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Broadcasting from tarpaulin tents, Haiti's radio journalists are striking a more critical tone.
PORT-AU-PRINCE, Haiti — A white sun beat high over Port-au-Prince as Orpha Dessources stepped from her tarpaulin newsroom into the city’s biggest slum, with a question no one wanted to answer.
Men and women, spotting her spiral notebook and digital recorder, leaned in, eager to talk of hardship and frustration. Until they understood what she wanted.
“How is security in Cite Soleil?” the reporter prompted in Creole. “Are the bandits a problem?”
Silent, they shook their heads. They could not speak of the hundreds of gang leaders who had escaped from prison after Haiti’s Jan. 12 earthquake.
“They’re afraid to have their voice on the radio,” Dessources said, pressing on.
Broadcasting from tents outside crumbled stations, Haiti’s radio journalists are striking a stronger, more critical tone, holding local and foreign officials accountable for missteps as the country limps toward recovery.
Radio stations here — numbering 45 in Port-au-Prince alone — are the most important source of information for the country’s largely illiterate public. As they returned to the air in the days and weeks after the earthquake, many stations embraced a broader public-service role, shifting programming from music and entertainment to news and political analysis.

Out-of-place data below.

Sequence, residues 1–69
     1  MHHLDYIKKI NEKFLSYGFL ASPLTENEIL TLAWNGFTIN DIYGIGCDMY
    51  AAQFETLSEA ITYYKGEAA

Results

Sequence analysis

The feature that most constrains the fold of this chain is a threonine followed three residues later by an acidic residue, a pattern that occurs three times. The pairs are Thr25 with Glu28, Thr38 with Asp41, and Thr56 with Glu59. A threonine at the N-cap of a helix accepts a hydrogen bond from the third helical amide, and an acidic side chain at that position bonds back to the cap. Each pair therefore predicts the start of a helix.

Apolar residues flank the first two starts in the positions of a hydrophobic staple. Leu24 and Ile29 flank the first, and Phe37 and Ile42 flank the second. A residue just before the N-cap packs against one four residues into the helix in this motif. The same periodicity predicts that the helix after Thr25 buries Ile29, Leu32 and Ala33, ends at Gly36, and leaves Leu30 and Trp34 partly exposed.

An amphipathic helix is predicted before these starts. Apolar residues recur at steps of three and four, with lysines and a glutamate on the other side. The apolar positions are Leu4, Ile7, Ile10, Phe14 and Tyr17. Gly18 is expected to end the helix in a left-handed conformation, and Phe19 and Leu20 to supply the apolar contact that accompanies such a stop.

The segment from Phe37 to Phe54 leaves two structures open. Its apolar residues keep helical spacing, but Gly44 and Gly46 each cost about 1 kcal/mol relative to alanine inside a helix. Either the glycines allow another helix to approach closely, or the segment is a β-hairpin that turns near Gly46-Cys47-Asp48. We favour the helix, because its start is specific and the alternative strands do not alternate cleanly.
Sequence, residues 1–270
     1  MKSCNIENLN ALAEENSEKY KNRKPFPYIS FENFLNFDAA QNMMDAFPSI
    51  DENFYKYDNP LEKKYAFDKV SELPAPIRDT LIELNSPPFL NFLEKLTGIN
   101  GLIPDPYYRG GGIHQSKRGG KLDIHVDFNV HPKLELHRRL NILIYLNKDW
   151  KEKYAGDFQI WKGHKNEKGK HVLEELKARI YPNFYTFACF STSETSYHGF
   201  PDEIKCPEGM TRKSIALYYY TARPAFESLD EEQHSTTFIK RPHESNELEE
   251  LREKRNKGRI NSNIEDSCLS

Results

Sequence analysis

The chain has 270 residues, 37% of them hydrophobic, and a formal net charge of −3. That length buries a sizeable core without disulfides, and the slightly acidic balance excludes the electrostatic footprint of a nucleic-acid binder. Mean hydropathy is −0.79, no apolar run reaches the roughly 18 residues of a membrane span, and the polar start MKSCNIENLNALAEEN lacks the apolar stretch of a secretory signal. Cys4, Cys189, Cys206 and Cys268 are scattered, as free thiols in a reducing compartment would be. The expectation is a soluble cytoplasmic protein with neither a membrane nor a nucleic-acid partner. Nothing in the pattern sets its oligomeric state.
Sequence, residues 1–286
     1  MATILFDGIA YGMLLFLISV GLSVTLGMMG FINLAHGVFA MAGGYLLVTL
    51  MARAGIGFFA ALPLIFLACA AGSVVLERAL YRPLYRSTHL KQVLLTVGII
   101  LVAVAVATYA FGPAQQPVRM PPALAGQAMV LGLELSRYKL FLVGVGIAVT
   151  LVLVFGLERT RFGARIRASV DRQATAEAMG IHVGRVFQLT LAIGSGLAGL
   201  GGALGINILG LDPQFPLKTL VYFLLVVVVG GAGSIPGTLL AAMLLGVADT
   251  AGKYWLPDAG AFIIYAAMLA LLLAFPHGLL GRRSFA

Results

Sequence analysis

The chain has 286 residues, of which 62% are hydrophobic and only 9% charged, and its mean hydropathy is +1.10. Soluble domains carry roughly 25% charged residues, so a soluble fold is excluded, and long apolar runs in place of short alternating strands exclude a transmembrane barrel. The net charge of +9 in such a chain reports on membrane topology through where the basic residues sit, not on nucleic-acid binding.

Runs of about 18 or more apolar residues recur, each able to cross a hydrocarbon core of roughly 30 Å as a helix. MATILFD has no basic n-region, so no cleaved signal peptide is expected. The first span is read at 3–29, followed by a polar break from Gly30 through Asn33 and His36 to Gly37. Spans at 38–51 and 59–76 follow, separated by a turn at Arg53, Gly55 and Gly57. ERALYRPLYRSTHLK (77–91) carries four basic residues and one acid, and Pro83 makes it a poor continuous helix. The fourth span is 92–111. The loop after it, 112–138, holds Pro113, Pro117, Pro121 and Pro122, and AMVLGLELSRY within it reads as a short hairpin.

And now, on behalf of listeners angered by the country’s halting progress, they’re demanding answers.
The effort carries with it some risk. Haitian journalists work in the shadow of colleagues assassinated as recently as 2007 for outspoken reporting on politics and crime. And news stations are now grappling with the ethically fraught specter of a government bailout.
Dessources, 30, is a reporter and anchor for Cite Soleil's community radio station, Radio Boukman. Its building, riddled with cracks, has been partially condemned, so, in a walled courtyard, the production staff work in stifling tents, swigging Coca-Cola and broadcasting live as mosquitoes swarm and jets zoom low overhead.
“The government is slow in Haiti, very slow,” said Dessources, who has sat for hours in the Cite Soleil mayor’s office, waiting in vain for a comment on problems in his district.
It’s a refrain echoed across the city’s newsrooms — and on its airwaves.
Near the ruins of Haiti’s National Palace, a tent glowed on a dark street, its generator buzzing.